Telecentric lighting in machine vision applications

Achieving precise and repeatable image quality is essential for machine vision applications like measurement, quality control, and inspection. To improve imaging precision, telecentric lenses and telecentric lighting are essential. We will first provide a brief overview of telecentric lenses in this article before delving into the benefits and drawbacks of telecentric lighting. In some cases, we will also look at the parallel backlight as an additional lighting option.

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Please get in touch with us if you require any assistance or if you have any questions about our telecentric lenses and lighting.


Telecentric lenses for machine vision

Telecentric lenses are optical tools made to reduce perspective errors and offer uniform perspective and magnification over the whole imaging field. The optical components of telecentric lenses are arranged in a unique way, which sets them apart from conventional lenses. We offer a big portfolio of telecentric lenses. All telecentric lenses and pricing can be found by clicking on this link.

Rays entering telecentric lenses are intended to be parallel to the image sensor, producing rays that are almost perpendicular to it. This characteristic reduces perspective errors and distortions, enabling precise and reliable measurements. Telecentric lenses are therefore perfect for accurate feature extraction and precise dimensional measurements. Telecentric lenses also have minimal distortion and continuous magnification.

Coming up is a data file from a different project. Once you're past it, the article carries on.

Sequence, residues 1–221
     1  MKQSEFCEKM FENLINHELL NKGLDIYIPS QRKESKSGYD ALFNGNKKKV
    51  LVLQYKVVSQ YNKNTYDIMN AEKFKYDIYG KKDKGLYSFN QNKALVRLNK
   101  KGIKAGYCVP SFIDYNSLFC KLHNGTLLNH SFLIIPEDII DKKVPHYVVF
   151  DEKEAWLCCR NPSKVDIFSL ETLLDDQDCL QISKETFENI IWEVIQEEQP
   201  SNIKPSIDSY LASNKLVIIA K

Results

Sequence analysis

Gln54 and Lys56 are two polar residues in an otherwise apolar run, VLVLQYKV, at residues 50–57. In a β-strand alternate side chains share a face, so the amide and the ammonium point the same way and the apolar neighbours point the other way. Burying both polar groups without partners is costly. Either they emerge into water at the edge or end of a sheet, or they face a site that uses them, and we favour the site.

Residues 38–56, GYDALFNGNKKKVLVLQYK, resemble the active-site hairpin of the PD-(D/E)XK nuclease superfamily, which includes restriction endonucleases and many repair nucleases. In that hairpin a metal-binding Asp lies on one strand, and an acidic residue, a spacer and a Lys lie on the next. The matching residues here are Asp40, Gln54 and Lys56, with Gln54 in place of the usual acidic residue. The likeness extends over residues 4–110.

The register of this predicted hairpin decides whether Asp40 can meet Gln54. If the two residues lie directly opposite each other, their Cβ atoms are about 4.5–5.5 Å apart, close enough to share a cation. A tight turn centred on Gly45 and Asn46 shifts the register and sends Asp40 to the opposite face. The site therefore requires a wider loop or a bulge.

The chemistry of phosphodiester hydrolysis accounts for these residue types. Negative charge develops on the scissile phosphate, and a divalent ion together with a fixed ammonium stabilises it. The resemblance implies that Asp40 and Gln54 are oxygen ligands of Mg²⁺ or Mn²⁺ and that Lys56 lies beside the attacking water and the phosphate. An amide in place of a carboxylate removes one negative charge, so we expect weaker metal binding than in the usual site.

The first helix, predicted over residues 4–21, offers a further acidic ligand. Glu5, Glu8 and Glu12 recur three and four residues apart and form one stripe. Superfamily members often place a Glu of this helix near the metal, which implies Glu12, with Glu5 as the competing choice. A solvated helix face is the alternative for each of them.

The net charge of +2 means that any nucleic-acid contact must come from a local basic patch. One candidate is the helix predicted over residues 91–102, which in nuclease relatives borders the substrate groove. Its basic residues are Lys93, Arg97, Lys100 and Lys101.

How works telecentric lighting in machine vision?

Working in tandem with telecentric lenses, telecentric lighting is a crucial component of the telecentric imaging system. Telecentric lights guarantee that the light rays are parallel and have a constant intensity throughout the whole field of vision, in contrast to traditional back illumination techniques that produce diffuse or undirected light rays. With the help of this parallel light beam arrangement, perspective errors and distortion are reduced, silhouettes are produced, and measurements are precise and image quality is constant.

Light rays are directed through a series of optical components to produce parallel light rays and a constant beam brightness in order to create telecentric lighting. This light beam is sometimes referred to as a collimated light beam.

You could think of the telecentric light as a telecentric lens that has been reversed.

Benefits of adding telecentric lighting

1. Diminished Reflections and Shadows

Telecentric lighting reduces unwanted reflections and shadows, which can have an impact on measurement accuracy and image quality. There is less chance of shadows from the object or the imaging system when there are parallel light rays.

2. Improved Accuracy of Measurements

In addition to telecentric lenses, a telecentric light also contributes to increased measurement accuracy by mitigating errors resulting from changes in illumination, perspective distortions, and effects related to depth.

3. Extended Operating Range